I look forward to meeting some of you on the India book tour this January.
Faulty beliefs lay dormant in our minds like a Trojan horse, perhaps a prejudice about ourselves or the world. It’s harder to expose the faults of a belief when the people around us also hold the same belief. Unfortunately, we are not lucky enough to discover all false or bad beliefs by ourselves. History affords us many tragedies with roots in deeply held beliefs. Let’s not ignore them and throw away precious lessons perhaps acquired by our ancestors through painful trials.
When calling into question spiritual beliefs, it’s easy to hurt people’s feelings, especially if the beliefs provide comfort, prestige or something held valuable to the one who believes. Yet, painful feelings are not an argument… Read More
We conjure our tomorrows as if the future is bound to our concepts. We may say “no person knows everything,” but, still, we coddle our hubris by measuring all things by what we know. This arrogance is why entirely new things can seem familiar. By ignoring facts and reasons contrary to our beliefs, we invite life experiences to rip faulty beliefs from our terrified grasp when we could have let those beliefs go, just as we do with dreams in the morning.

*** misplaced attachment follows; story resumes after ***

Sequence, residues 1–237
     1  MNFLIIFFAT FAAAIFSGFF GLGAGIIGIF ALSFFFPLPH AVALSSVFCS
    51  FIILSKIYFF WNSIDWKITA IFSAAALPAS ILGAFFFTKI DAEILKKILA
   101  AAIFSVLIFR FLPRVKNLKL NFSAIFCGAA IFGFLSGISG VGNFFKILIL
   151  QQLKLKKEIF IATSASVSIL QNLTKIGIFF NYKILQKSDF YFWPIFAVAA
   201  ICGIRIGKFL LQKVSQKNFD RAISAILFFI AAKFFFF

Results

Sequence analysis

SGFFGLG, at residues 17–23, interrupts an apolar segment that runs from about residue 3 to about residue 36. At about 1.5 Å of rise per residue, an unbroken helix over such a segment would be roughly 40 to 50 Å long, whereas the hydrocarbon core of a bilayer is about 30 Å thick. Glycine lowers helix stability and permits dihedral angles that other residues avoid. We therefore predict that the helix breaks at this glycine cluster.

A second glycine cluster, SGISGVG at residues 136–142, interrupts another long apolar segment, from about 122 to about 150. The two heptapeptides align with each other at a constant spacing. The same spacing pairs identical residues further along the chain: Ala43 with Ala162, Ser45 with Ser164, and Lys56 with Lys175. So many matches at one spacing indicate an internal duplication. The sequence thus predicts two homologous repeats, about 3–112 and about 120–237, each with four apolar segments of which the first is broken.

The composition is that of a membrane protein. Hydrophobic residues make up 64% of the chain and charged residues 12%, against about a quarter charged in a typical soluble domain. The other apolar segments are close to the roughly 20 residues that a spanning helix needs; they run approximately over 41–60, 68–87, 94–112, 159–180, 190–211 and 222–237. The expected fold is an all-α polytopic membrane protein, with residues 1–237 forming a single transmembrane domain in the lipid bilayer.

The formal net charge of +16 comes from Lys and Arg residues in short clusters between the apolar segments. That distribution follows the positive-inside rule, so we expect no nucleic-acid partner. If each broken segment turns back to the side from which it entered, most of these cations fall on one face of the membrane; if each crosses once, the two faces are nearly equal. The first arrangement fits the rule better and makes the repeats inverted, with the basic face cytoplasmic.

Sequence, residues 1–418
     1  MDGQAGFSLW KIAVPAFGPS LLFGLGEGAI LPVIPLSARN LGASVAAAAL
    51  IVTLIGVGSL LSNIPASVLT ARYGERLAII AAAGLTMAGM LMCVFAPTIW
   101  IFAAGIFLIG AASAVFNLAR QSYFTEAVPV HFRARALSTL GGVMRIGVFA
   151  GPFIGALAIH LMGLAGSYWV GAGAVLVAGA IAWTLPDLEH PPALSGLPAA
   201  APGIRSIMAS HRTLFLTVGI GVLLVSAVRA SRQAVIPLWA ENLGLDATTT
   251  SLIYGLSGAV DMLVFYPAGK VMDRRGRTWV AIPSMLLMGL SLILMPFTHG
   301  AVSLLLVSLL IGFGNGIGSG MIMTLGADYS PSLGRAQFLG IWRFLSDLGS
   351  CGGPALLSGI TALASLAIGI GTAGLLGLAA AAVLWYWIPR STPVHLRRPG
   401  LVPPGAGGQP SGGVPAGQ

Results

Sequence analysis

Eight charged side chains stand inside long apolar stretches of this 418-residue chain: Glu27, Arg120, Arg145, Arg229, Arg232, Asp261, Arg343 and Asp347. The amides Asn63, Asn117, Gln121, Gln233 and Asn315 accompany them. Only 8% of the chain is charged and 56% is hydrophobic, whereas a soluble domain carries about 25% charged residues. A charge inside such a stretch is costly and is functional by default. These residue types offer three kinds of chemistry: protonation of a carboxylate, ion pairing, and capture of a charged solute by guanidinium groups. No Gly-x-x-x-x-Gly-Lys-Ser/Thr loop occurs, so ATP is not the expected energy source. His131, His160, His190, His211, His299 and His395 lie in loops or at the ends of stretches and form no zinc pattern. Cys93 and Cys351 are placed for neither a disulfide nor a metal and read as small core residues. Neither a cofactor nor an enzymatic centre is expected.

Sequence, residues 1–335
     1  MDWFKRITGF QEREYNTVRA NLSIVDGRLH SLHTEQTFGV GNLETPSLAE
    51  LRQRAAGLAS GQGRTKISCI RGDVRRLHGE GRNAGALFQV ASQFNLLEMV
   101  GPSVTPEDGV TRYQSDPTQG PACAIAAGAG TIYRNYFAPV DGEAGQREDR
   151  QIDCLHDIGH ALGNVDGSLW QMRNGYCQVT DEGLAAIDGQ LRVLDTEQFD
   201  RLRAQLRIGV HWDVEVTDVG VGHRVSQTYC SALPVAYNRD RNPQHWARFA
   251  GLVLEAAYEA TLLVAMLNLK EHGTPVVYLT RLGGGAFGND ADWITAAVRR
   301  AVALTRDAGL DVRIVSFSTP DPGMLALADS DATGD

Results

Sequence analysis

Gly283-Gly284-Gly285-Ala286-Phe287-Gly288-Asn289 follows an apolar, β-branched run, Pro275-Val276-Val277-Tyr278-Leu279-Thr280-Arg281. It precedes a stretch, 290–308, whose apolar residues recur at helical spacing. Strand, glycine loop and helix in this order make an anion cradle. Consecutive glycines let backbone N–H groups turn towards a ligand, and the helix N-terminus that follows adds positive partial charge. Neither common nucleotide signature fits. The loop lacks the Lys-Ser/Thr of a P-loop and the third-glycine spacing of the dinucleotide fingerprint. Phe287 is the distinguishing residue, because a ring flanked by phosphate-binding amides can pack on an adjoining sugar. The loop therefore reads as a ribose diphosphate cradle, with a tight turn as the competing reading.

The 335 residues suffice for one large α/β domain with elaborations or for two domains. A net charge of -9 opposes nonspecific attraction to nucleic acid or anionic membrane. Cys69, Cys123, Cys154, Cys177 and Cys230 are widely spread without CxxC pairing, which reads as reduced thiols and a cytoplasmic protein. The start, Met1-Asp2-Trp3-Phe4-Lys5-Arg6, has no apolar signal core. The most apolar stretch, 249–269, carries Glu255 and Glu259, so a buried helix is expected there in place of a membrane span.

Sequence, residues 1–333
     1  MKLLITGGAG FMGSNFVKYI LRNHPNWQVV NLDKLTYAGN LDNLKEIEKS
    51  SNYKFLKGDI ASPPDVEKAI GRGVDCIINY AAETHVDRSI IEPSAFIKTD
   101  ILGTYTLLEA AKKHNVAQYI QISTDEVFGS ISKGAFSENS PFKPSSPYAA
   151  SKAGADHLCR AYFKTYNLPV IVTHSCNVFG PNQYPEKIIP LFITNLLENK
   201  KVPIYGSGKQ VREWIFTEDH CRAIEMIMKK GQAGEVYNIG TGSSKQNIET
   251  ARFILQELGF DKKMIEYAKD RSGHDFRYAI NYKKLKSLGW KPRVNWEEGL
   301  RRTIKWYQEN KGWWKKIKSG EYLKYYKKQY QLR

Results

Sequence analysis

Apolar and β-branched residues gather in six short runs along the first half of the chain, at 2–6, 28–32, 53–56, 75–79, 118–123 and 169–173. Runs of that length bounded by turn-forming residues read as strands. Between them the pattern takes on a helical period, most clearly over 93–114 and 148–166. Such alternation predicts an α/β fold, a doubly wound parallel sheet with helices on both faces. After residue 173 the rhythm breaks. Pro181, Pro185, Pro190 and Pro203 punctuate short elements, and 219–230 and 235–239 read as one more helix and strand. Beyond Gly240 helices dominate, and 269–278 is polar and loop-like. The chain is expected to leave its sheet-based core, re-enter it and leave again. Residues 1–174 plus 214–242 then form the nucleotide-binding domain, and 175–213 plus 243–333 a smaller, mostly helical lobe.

“If you do not expect the unexpected, you will not find it;
for it is hard to be sought out…” vii Heraclitus
Presuming to know is different from trial and error. Generalizing is not bad, but we tend to treat our schemes as facts. In any group of people, unfounded beliefs pose great peril when the popularity of an idea takes the place of proof. For example, the delusional thinking of Americans imagining an imminent threat brought about a preemptive war and a river of bloodshed.
Excerpt: The Relevance of Kabir
We make judgments daily. It’s best to improve when we can because we not only pay a price when we suffer. Beautiful things this world truly offers may elude us as we linger in the graveyard of our preconceived ideas.
vii John Burnet, Early Greek Philosophy (London: A. and C. Black, 1892), 134.